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Tallahassee Criminal Attorney > Blog > Criminal > Judge Dismisses Case Against Woman Who Left Her Daughter in a Hot Car for 6 Hours

Judge Dismisses Case Against Woman Who Left Her Daughter in a Hot Car for 6 Hours


A Florida judge has dismissed a case against a Tallahassee woman who left her child in a hot car for 6 hours during her work shift. Prosecutors had charged the woman with aggravated manslaughter charges in July of 2022. The boy was 11 months old at the time of his death. His mother worked for Big Bend Hospice.

Aggravated manslaughter charges in Tallahassee, FL 

The crime of aggravated manslaughter is considered a first-degree felony under Florida law. It is punishable by a maximum sentence of up to 30 years in prison. The crime is considered a negligence crime and not an intentional crime.

Prosecutors must establish that:

  • The victim died
  • The death of the victim was caused by the culpable negligence of the defendant
  • The victim was elderly, disabled, or a child and the victim’s death was due to the neglect of the defendant
  • The victim was a first-responder (firefighter, police officer, EMT) who was performing their duties at the time of the accident

What is culpable negligence? 

Culpable negligence, as defined by Florida Statutes, is a course of conduct that results from a reckless disregard for human life. While murder is defined as an intentional act, manslaughter is defined differently. In a manslaughter prosecution, the state must be able to establish that the defendant took a reckless action that showed a wanton disregard for the victim. In the case mentioned above, the judge ruled that the incident was an accident and did not emerge from a place of culpable negligence. It appears that the mother simply forgot that her child was in the vehicle at the time she left them there.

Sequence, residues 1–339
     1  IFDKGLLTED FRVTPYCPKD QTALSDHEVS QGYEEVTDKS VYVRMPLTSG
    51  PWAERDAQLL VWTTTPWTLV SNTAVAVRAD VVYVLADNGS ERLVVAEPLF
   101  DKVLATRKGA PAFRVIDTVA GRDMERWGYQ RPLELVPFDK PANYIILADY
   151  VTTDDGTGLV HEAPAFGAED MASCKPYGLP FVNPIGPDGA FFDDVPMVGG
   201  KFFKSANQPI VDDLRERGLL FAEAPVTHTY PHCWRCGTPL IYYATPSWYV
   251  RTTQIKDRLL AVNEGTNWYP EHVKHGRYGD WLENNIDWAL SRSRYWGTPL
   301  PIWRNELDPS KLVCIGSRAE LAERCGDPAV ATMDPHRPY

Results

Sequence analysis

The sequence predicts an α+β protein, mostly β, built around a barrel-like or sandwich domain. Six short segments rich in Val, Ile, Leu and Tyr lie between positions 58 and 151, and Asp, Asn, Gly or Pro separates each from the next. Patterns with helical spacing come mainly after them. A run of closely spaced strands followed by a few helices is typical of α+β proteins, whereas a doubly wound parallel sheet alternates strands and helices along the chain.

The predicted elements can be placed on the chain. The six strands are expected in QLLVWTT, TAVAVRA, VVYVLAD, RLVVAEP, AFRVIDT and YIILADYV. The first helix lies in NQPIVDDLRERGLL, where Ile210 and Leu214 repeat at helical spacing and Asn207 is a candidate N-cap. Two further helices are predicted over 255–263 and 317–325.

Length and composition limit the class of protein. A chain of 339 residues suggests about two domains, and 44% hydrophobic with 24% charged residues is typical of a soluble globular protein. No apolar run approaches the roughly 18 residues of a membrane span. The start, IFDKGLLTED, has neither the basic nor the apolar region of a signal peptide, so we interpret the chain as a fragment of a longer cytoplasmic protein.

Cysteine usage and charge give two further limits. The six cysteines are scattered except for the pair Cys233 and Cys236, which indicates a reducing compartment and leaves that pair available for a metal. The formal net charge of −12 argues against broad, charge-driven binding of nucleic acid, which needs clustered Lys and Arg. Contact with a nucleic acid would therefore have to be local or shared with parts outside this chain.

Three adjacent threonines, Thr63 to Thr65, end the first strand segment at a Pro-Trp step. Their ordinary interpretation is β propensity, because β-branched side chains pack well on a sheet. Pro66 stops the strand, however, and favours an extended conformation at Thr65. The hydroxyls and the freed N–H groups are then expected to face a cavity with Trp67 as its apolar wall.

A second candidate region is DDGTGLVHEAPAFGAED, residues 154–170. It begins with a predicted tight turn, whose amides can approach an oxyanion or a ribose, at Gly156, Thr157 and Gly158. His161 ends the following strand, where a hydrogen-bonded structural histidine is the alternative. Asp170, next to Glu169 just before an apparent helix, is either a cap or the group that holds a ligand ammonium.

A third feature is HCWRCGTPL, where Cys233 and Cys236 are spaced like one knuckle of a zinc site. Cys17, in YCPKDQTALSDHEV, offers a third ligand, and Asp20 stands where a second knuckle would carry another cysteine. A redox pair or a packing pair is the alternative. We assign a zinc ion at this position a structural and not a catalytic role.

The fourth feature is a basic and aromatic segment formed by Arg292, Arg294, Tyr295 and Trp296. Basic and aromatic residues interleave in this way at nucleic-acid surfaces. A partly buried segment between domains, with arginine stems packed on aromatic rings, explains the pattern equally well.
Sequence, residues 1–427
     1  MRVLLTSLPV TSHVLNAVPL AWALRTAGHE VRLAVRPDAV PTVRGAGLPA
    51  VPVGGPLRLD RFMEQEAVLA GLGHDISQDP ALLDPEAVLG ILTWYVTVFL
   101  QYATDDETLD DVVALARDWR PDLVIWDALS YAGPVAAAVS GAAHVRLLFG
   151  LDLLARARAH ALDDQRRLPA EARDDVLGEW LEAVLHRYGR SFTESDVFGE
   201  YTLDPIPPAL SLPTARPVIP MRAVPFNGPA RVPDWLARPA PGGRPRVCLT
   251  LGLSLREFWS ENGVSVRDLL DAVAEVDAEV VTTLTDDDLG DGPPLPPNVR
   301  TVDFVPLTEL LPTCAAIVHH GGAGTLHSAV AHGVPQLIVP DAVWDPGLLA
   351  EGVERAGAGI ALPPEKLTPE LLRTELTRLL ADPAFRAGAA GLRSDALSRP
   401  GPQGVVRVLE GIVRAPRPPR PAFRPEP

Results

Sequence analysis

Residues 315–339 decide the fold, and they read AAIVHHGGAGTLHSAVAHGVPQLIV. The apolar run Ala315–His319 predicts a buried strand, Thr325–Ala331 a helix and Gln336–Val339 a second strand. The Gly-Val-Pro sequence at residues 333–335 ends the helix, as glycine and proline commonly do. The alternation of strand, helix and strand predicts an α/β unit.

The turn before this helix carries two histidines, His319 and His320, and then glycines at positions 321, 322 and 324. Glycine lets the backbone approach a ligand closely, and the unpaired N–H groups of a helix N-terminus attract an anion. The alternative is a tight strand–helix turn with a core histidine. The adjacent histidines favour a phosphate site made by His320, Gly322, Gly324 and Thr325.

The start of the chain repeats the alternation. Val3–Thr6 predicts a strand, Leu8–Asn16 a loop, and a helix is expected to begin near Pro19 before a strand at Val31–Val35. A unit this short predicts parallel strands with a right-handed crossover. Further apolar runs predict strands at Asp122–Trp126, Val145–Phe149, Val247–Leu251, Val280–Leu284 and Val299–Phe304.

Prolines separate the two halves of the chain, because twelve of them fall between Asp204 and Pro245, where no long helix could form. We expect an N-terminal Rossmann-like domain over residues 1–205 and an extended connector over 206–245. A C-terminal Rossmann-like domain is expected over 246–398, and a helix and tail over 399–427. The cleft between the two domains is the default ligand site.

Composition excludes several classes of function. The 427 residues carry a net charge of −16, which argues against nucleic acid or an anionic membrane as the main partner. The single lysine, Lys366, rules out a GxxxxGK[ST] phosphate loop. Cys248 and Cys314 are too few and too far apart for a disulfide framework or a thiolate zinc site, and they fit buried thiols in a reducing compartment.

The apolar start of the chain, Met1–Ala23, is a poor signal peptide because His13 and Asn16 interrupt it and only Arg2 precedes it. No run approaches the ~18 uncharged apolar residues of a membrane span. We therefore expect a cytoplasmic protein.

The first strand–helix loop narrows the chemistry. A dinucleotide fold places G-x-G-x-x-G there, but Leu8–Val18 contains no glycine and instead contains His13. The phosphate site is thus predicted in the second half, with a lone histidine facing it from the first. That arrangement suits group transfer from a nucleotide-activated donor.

Prosecutions of parents who leave their children in hot cars do occur. But, in many cases, it is difficult for prosecutors to state the defendant was guilty of culpable negligence. In this case, a judge ruled that the defendant made no conscious decision to leave the child in the car unattended. While the defendant may have been guilty of negligence, culpable negligence has a higher standard of proof under the law. The judge ruled that this was a single inadvertent act of negligence and did not rise to the standard of culpable negligence. Hence, the defendant was exonerated for this tragic act and not held criminally responsible under the law.

While manslaughter may not be a crime of intent per se, the defendant must evince a casual disregard for the rights and safety of others. So, there is a lack of care about the outcome of course of conduct that is considered wanton and reckless. As an example, vehicular homicide is charged on the grounds of culpable negligence. If the defendant was going 55 mph in a residential area and struck and killed a child, the defendant could be charged with vehicular homicide which is very similar to manslaughter. While the defendant may not have wanted to kill a child, they operated their vehicle in such a way that showed they didn’t care if they hit a child or not.

Talk to a Tallahassee Criminal Defense Lawyer Today 

Tallahassee criminal defense lawyer Luke Newman, P.A. represents the interests of those who are charged with serious crimes. Call our office today to schedule an appointment and we can begin discussing your case right away.

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